What Grade Did Anderson Cooper Earn as CNN’s Democratic Debate Moderator?


Screen Shot 2015-10-13 at 11.48.26 PMAnd the winner of the first Democratic debate on CNN is…

Anderson Cooper.

Right from the opening tip, you can see Cooper came focused, unafraid, loaded with quality, relevant research. He asserted himself as the strongest figure of the presentation, candidates included. In the end, Cooper showed why he’s one of the top journalists in the game: He was impeccably prepared, wasn’t hesitant to follow-up when warranted and didn’t offer up one question–not one–that could be considered frivolous or fluffy…and that was clearly evident from his first question to Hillary Clinton:

Secretary Clinton, I want to start with you. Plenty of politicians evolve on issues, but even some Democrats believe you change your positions based on political expediency. You were against same-sex marriage. Now you’re for it. You defended President Obama’s immigration policies. Now you say they’re too harsh. You supported his trade deal dozen of times. You even called it the “gold standard”. Now, suddenly, last week, you’re against it.

Will you say anything to get elected?

After Clinton claimed she has always been very consistent before veering into talking points about wages, Cooper stayed the course after not getting an answer to the original question.

COOPER: “Secretary Clinton, though, with all due respect, the question is really about political expediency. Just in July, New Hampshire, you told the crowd you’d, quote, “take a back seat to no one when it comes to progressive values. Last month in Ohio, you said you plead guilty to, quote, ‘being kind of moderate and center’. Do you change your political identity based on who you’re talking to?”

Then came Bernie Sanders’ turn:

COOPER: Senator Sanders. A Gallup poll says half the country would not put a socialist in the White House. You call yourself a democratic socialist. How can any kind of socialist win a general election in the United States?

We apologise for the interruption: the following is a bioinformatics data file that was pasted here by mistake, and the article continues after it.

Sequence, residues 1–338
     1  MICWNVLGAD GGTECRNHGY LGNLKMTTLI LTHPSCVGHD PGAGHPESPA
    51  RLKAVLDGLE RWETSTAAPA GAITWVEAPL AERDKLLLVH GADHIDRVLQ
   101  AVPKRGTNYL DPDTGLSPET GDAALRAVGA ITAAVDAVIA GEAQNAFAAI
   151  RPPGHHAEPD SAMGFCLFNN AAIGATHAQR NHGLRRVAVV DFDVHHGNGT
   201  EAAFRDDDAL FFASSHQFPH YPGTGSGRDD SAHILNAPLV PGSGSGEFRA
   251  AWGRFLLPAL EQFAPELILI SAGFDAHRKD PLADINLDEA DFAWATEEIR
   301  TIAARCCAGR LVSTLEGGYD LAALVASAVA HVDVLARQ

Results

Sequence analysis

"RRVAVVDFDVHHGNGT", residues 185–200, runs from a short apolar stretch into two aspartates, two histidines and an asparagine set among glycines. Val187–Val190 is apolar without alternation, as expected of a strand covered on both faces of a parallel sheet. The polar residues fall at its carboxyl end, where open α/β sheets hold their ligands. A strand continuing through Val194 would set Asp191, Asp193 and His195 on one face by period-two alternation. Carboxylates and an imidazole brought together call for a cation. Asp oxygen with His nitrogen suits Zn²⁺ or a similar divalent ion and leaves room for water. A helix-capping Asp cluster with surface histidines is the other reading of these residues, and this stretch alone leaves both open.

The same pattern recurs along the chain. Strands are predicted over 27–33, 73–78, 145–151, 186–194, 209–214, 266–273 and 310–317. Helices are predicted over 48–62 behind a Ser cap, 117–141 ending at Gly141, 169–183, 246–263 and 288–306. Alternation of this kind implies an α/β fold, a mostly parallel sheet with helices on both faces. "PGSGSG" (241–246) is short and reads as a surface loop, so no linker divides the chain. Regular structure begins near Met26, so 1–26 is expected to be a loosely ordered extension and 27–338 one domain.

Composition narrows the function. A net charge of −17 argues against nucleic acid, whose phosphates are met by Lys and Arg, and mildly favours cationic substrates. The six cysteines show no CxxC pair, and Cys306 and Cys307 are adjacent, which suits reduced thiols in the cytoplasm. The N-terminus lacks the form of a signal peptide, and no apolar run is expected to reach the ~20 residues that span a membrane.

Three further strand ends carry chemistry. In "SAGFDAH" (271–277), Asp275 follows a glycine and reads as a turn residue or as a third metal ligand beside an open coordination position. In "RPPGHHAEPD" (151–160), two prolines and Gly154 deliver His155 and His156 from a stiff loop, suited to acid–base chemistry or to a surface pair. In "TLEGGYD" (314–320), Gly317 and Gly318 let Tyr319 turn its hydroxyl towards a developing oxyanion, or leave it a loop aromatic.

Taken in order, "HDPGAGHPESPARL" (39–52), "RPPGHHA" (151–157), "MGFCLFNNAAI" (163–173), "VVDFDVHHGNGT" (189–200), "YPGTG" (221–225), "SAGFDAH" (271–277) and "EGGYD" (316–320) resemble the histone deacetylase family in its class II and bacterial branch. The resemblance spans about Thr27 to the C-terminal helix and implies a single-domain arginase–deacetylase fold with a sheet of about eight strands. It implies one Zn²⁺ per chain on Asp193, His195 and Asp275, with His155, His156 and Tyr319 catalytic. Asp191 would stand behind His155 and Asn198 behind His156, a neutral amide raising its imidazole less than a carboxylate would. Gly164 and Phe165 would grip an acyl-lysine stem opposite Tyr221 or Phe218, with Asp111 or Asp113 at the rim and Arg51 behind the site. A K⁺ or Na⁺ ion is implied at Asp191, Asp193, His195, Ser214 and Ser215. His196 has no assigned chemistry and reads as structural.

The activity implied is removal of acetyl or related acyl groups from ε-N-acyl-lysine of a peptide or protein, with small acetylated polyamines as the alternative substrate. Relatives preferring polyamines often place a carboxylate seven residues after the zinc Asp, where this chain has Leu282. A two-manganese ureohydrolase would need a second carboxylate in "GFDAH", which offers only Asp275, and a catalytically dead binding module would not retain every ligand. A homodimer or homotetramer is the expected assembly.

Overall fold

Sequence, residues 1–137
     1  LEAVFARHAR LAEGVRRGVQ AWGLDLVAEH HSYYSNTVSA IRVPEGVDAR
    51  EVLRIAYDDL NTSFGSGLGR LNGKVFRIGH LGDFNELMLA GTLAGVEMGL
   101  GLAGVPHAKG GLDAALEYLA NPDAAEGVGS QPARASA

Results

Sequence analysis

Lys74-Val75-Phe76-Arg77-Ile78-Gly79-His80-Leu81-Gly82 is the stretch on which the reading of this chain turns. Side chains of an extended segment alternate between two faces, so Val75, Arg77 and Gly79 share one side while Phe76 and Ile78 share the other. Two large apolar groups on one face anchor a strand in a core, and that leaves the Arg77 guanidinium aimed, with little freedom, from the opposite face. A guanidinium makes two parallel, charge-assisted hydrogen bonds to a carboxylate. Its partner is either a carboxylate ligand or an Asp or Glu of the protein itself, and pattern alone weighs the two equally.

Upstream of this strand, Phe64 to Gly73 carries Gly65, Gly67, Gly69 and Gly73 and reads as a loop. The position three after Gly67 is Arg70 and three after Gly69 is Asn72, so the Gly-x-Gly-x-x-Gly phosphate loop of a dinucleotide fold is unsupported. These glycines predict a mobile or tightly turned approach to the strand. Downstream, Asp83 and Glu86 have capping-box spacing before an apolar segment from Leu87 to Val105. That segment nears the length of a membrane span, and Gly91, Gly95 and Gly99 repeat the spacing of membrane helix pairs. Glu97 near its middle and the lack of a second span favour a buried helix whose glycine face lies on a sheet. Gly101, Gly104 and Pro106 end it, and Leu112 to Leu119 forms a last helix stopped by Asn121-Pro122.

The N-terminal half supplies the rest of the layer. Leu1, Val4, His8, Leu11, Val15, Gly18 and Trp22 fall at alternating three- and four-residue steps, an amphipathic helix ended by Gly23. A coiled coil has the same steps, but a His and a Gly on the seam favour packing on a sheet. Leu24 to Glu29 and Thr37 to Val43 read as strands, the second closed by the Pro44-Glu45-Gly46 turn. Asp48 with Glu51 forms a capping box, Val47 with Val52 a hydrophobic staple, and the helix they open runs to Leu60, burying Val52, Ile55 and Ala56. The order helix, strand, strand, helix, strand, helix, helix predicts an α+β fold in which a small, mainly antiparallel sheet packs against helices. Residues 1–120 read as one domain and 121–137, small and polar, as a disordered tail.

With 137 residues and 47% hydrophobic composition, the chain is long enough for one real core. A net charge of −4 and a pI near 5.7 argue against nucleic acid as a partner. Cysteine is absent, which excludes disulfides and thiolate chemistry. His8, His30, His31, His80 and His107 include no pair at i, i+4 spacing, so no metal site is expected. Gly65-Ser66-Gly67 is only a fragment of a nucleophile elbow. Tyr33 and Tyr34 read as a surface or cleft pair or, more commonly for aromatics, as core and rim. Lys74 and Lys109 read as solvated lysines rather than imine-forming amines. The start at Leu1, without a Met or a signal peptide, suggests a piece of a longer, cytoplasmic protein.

And the challenges kept coming throughout the night to each of the five candidates on stage. When Jim Webb complained about being cut off when his allotted time ran out, the moderator calmly informed him that those were the rules he agreed to. Throughout the evening, Cooper scolded those who went to rehearsed lines and followed the age-old rule of not answering the question asked, but the question they wanted asked with the same effective retort:

“You didn’t answer the question.”

Could there have been a question on Planned Parenthood? Sure. Questions on the president’s economic record particularly as it relates to labor force participation, income inequality expansion or falling wages? Yes. Should Cooper have asked Hillary if all lives matter following Don Lemon’s Facebook Black Lives Matter question? Absolutely. Were the other moderators (Dana Bash, Juan Carlos Lopez) worked into the debate more than the CNN GOP debate as promised? No.

All of that said, Anderson Cooper showed presence, consistency and gravitas on Tuesday night. Focused. Prepped. The questions were natural in their delivery, difficult in their content and stated with conviction. And the job is much harder than it looks.

He earns a solid ‘A’. And at least from the standpoint of media observers, wins the night.

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